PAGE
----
Border militiaman K.C. Massey III was slightly apologetic about detaining three border-crossing immigrants during one of his outfit’s vigilante
patrols awhile back—handcuffing the men behind their backs with zip ties—along the Rio Grande in southern Texas.
“Sorry we had to ‘Detain’ them,” Massey, one of the leaders of the militiamen that began gathering several weeks ago in Texas, wrote in a Facebook comment after video of the detentions was posted online. “[B]ut they were wore out and just fell down and gave up while the other 7-8 ran like gazelles!”
As the post explained, the militiamen detained the people—described as Honduran, Guatemalan, and Mexican—after they encountered a group of about 11 border crossers, most of whom took off through the brush. The three men they kept were “ziptied, debriefed, and given water,” and U.S. Border Patrol officers eventually arrived and took them away.
“WE DO NOT AIM TO DETAIN, we would much rather send them back into the river into Mexico and dissuade them and the cartel from crossing on the property we patrol,” the post explained. “All encounters were conducted in a humanitarian, professional fashion. Stay vigilant. Thank you for your support.”
But behind the guise of humanitarian treatment was a not-so-subtle smirking contempt. “One of the guys pissed himself!” remarked Massey. Another chimed in, “Dude pissed himself bad.”
Welcome to Camp LoneStar, a border militia outpost on the U.S.-Mexico border in Texas where antigovernment “Patriots,” heavily armed and
hunting for immigrants, have seemingly taken the law into their own hands in recent weeks and made residents near their operation increasingly fearful and resentful.
The camp, a makeshift encampment, lies on the 21-acre property of a longtime Brownsville-area rancher named Cuban “Rusty” Monsees. Most of the participants pitch tents or park their vehicles there, then go out on patrols at nighttime or afoot in groups, always loaded with a variety of weapon. During the day, they use all-terrain vehicles to prowl along the border fence line or drive to overlooks along the Rio Grande, where they can catch people swimming across the river.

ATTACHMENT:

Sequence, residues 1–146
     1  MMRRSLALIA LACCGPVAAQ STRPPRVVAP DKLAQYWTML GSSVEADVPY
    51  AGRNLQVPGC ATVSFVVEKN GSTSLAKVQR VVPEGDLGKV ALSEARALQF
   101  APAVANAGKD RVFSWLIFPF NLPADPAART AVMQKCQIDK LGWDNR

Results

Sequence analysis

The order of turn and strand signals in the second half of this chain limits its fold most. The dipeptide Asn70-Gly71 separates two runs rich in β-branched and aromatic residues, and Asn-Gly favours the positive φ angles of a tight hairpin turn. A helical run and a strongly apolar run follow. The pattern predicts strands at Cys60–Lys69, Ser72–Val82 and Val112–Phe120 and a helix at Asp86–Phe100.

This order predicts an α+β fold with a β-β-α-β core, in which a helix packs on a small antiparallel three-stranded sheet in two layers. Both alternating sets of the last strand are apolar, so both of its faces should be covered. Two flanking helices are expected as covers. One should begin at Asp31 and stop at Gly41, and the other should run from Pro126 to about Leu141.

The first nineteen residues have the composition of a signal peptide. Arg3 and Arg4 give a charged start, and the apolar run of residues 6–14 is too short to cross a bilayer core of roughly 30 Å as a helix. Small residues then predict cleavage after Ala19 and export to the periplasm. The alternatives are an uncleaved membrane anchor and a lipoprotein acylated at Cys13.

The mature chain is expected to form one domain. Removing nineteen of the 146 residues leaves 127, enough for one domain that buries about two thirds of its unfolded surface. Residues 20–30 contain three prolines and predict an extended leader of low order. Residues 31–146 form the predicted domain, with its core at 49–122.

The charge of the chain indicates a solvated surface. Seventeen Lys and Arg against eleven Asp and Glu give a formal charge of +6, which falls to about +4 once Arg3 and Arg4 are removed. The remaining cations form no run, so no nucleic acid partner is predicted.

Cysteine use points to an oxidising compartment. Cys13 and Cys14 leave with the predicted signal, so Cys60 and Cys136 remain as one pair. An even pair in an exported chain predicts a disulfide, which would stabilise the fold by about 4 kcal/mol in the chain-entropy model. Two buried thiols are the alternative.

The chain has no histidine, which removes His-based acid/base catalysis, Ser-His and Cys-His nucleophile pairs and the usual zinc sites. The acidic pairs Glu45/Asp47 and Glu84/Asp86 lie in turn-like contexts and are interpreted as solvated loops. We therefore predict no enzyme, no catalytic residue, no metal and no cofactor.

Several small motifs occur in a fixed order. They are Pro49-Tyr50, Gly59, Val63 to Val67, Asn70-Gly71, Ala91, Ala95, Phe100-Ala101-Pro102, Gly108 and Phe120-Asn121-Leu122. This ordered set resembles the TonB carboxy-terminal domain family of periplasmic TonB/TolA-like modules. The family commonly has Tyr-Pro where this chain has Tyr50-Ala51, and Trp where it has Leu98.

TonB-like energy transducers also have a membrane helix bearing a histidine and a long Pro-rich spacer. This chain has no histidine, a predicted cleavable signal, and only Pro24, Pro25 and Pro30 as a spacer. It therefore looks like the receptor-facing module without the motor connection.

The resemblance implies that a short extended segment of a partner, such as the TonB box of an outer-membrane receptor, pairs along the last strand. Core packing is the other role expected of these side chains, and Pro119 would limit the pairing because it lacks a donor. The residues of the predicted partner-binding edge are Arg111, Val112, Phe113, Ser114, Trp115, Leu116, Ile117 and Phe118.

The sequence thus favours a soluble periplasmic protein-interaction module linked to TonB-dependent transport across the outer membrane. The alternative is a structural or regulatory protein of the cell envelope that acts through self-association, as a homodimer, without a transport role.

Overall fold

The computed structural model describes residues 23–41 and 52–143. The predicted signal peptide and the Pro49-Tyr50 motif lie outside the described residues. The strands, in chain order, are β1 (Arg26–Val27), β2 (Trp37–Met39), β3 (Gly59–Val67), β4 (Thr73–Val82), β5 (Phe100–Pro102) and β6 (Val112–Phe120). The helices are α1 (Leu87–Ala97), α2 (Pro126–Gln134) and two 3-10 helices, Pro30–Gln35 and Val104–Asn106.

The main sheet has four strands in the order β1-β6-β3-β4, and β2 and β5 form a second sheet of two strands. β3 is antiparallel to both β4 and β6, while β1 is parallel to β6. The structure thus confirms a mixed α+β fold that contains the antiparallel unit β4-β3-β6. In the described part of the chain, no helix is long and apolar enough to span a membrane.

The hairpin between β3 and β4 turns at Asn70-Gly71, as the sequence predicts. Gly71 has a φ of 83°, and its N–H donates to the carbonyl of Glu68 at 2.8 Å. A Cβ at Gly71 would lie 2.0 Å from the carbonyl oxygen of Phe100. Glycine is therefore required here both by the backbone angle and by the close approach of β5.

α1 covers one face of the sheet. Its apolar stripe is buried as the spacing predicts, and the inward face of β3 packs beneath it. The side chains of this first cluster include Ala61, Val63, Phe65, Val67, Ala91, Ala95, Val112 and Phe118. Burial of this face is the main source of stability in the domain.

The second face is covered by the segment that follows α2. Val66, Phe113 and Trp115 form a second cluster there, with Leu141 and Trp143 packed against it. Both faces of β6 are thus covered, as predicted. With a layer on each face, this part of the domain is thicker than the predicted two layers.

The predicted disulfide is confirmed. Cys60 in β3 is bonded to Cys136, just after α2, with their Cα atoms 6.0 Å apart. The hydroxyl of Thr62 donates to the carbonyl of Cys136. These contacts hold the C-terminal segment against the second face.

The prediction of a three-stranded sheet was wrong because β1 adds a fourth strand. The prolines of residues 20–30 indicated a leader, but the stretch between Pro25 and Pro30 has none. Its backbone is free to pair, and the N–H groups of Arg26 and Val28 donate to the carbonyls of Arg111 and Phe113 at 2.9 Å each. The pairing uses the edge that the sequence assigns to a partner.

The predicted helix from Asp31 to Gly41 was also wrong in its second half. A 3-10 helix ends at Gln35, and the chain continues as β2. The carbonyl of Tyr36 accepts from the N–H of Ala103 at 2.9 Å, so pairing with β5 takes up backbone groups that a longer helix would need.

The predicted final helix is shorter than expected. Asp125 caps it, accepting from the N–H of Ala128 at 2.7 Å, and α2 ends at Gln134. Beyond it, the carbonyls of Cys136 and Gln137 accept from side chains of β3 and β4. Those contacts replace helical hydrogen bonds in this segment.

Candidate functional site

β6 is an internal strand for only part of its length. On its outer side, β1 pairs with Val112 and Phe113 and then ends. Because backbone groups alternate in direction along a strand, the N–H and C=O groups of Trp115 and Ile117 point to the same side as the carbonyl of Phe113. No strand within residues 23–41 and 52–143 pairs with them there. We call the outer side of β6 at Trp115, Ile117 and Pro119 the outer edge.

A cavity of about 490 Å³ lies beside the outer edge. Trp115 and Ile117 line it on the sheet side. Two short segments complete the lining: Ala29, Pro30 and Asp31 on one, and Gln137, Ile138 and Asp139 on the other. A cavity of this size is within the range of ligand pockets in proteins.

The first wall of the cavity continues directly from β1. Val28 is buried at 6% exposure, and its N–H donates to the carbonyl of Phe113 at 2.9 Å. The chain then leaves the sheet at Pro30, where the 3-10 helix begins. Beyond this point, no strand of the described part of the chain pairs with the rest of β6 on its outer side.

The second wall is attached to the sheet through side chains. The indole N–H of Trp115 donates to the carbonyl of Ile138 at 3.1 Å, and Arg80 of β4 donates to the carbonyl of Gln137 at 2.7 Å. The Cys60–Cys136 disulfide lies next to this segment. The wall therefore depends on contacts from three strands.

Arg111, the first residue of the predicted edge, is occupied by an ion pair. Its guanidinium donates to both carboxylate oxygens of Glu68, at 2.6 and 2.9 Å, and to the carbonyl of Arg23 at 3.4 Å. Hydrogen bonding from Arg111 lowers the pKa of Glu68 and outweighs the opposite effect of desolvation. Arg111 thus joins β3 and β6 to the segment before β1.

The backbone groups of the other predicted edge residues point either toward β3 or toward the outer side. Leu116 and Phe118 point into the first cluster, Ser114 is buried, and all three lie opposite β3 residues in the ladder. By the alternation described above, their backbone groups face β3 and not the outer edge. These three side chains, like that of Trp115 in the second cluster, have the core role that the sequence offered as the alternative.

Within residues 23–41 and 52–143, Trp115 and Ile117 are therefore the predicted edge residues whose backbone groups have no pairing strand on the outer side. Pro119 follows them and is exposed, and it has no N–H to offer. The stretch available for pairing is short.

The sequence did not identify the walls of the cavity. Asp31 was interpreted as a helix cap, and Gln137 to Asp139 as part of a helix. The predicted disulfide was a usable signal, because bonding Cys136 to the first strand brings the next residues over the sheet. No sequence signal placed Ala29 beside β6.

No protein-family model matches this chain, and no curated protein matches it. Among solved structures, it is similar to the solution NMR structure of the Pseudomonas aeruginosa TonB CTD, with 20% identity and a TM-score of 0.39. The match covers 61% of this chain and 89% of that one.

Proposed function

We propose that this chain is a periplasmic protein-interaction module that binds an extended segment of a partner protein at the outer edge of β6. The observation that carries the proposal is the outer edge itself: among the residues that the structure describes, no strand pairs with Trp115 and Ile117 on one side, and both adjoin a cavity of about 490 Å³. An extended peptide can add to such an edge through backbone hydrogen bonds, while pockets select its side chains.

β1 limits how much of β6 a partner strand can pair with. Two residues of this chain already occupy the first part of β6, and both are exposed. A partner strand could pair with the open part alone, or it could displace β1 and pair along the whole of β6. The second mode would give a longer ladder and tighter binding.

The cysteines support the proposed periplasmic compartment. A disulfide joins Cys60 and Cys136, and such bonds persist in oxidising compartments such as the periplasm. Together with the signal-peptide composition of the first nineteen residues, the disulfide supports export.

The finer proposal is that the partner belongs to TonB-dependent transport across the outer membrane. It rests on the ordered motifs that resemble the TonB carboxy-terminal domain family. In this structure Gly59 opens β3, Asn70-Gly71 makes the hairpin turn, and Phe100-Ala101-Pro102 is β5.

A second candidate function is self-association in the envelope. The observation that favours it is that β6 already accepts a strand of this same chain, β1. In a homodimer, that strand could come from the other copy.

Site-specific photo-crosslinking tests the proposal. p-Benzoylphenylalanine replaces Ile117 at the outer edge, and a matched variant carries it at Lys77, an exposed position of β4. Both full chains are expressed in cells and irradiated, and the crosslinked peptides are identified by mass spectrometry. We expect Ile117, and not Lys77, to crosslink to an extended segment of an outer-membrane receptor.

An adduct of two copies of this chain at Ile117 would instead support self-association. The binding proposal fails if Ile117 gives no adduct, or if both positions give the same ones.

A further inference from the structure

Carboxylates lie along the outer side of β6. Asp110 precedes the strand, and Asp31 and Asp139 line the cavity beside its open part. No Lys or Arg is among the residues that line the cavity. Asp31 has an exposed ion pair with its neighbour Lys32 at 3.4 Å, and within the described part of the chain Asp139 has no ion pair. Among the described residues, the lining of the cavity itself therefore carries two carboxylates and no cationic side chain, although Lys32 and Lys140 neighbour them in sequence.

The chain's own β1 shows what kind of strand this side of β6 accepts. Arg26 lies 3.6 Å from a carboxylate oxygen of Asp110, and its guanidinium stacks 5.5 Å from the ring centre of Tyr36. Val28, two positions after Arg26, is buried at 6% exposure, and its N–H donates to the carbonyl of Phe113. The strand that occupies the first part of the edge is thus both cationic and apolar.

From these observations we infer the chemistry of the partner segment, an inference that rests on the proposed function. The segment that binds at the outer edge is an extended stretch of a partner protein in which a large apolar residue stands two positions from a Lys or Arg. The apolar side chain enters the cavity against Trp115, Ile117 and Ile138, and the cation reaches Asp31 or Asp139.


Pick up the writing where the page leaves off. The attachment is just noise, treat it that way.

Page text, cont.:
Indeed–just as the detention video post described–another video, posted by Massey on his Facebook page, showed the militiamen forcing border crossers who swam to the American side of the river to retrieve their belongings and swim back to the Mexico side. The video has no audio, but similar previous video from Camp LoneStar included the verbal harassment the border watchers were shouting at the swimmers.
Since it began, there has been a rotating cast of characters at the encampment. Initially, the self-described “commanding officer” at Camp LoneStar was an Arizona militiaman named Joe O’Shaugnessy, but he was eventually replaced by the more strident K.C. Massey.
Nearly all of the reporting on supposed militia activity on the Mexico border in Texas has emanated from the Monsees property, it seems. That includes early reporting from radio host Pete Santilli, as well as stories from the San Antonio Express-News and from Reuters, whose report included a detailed video profile. More recently, reporters from the Texas Observer spent time at the camp and came away with a scathing profile of Massey and his border watchmen.